More 4 lists 30 lists
increases n % n %
Decrease 108 22 37 14
Tiny change 116 23 76 28
Increase 266 54 158 58
Total 490 100 271 100
In South Africa the Spectacled Weaver has more grid cells with increases in reporting rate than cells showing decreases, between SABAP1 (1987-1991) and SABAP2 (2007-). Not shown in this map is current SABAP2 distribution which shows that the core of the range of the Spectacled Weaver in South Africa as coastal KwaZulu-Natal; there is good SABAP2 coverage in the Kruger National Park but the Spectacled Weaver occurs at a low reporting rate there.

The points below match the points on the map above.

Areas with very large increases include:
1. Eastern Cape.
2. KwaZulu-Natal.
3a,b,c. The western edge of its range in South Africa (other than the western edge in the Eastern Cape).

Large decreases appear to have occurred:
4. The western edge in the Eastern Cape.

Range changes elsewhere

Equatorial Guinea: at Río Muni, appears to be addition to country list (Demey 2015b).

PHOWN reached 25000 photo records!

2017-02-02 (765)

Male Red-headed Weaver
PHOWN record 25000
Bernardine Altenroxel has uploaded many PHOWN, and other Virtual Museum, photos from around Tzaneen. Yesterday she uploaded this picturesque photo of a male Red-headed Weaver that had started building a new nest, and this submission turned out to be record no. 25000.

Thanks to all participants since every record was a stepping stone to reach this goal!

PHOWN, PHOtos of Weaver Nests, is a Virtual Museum, is a citizen science project of the Animal Demography Unit, to collect and monitor breeding distributions and colony sizes of weaver birds globally. To take part, register and upload records at Virtual Museum (read the "How to" pdf for help).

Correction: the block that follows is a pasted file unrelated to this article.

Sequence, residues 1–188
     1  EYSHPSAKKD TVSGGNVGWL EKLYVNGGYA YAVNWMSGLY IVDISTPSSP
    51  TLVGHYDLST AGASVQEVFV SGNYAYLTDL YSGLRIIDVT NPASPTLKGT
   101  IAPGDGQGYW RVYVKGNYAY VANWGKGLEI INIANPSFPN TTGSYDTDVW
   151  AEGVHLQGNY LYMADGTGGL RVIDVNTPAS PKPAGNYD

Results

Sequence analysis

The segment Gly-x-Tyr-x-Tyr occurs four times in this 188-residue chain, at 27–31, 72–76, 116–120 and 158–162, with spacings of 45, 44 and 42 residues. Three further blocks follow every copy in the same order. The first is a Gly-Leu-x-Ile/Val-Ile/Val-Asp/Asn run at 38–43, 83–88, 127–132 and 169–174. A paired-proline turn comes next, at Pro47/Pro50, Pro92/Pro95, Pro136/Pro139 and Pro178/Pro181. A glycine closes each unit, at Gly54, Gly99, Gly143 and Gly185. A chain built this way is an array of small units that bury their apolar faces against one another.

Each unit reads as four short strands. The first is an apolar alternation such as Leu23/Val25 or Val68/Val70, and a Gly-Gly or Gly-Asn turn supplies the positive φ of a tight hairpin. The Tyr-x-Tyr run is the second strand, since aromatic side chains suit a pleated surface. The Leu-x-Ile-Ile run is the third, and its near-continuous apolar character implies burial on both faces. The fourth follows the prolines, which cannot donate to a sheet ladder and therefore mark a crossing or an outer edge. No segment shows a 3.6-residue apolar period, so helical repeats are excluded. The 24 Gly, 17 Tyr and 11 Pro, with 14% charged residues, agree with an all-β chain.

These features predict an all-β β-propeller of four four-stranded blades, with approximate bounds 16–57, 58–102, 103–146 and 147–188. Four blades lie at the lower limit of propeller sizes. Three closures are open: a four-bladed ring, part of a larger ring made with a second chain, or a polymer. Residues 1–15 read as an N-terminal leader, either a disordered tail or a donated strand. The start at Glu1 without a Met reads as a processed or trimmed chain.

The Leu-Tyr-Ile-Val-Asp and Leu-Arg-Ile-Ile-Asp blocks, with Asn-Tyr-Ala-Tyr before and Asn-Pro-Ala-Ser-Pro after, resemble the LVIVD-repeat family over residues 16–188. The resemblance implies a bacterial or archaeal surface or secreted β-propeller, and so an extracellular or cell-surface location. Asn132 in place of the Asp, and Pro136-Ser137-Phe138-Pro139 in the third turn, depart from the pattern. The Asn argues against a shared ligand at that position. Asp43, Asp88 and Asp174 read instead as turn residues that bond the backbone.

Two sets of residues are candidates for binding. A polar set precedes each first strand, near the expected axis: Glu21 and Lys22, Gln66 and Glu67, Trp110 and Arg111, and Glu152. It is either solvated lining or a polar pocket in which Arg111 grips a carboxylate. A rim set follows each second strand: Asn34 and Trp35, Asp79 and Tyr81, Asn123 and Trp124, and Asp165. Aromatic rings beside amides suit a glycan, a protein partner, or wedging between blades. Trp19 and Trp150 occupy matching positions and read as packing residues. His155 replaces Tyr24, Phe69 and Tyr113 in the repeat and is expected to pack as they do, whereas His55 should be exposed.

Take photos of weaver nests anywhere in the world and submit. You can also submit photos that you took a long time ago (if you know the date and place of the nests). If possible, include a nest count, but submit even if you did not count all the nests in a colony. For PHOWN we would like accurate coordinates foe each colony, as far as possible.

See updates and summaries at PHOWN.

Weaver Wednesday 3 [242] - Range changes [5]: Dark-backed Weaver

2017-02-01 (764)

gravit8 Weaver Wednesday 3: range changes in S Africa (species text)

Dark-backed Weaver Ploceus bicolor

map
Dark-backed Weaver, Range-change map between SABAP1 (1987-1991) and SABAP2 (2007-current).
Red, orange and yellow = cells with very large, large, and small relative decreases
Blue, dark green and light green = cells with very large, large and small relative increases.
Cells = quarter-degree grid cells; Only cells with at least 4 checklists in both SABAP1&2 shown. All cells had this species recorded in SABAP1 or in SABAP2 or in both (more about interpretation at Biodiversity Observations 7.62: 1-13).

Dark-backed Weaver
Dark-backed Weaver,
figure from Birdpix

Range changes in SA

Range change summary
More 4 lists 30 lists
increases n % n %
Decrease 64 34 35 27
Tiny change 50 27 38 29
Increase 77 41 57 44